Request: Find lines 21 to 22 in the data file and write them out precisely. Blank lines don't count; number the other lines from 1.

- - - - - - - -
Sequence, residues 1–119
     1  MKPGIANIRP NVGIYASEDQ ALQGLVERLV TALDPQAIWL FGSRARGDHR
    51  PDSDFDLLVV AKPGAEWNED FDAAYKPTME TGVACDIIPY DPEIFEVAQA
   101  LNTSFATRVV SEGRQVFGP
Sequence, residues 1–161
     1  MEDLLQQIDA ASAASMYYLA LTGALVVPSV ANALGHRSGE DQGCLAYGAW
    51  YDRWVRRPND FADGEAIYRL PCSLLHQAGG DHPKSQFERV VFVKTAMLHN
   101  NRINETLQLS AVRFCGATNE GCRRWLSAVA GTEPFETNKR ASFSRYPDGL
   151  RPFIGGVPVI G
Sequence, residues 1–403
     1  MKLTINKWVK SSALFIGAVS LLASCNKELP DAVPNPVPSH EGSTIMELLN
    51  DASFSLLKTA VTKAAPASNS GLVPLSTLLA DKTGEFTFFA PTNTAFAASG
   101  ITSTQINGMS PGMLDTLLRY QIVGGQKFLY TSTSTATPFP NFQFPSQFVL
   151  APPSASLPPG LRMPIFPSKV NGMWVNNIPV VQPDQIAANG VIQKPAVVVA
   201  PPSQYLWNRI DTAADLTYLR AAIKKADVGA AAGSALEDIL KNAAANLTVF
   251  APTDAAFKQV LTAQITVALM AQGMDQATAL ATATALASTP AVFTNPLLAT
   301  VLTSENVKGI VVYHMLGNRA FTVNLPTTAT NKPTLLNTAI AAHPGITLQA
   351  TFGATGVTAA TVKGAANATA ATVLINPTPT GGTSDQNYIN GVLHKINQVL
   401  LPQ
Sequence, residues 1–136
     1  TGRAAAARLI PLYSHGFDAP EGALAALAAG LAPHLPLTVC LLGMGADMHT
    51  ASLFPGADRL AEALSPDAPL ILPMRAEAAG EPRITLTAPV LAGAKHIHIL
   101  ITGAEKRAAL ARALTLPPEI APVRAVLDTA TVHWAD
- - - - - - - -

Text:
     1  TGRAAAARLI PLYSHGFDAP EGALAALAAG LAPHLPLTVC LLGMGADMHT
    51  ASLFPGADRL AEALSPDAPL ILPMRAEAAG EPRITLTAPV LAGAKHIHIL